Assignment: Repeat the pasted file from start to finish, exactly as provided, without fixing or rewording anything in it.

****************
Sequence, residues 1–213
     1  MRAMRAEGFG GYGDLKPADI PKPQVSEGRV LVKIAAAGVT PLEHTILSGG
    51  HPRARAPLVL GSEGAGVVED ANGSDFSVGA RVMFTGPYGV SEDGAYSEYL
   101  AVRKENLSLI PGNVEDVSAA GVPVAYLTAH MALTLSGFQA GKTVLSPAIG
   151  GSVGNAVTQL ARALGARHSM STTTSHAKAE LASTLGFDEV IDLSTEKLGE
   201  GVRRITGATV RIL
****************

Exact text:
Sequence, residues 1–213
     1  MRAMRAEGFG GYGDLKPADI PKPQVSEGRV LVKIAAAGVT PLEHTILSGG
    51  HPRARAPLVL GSEGAGVVED ANGSDFSVGA RVMFTGPYGV SEDGAYSEYL
   101  AVRKENLSLI PGNVEDVSAA GVPVAYLTAH MALTLSGFQA GKTVLSPAIG
   151  GSVGNAVTQL ARALGARHSM STTTSHAKAE LASTLGFDEV IDLSTEKLGE
   201  GVRRITGATV RIL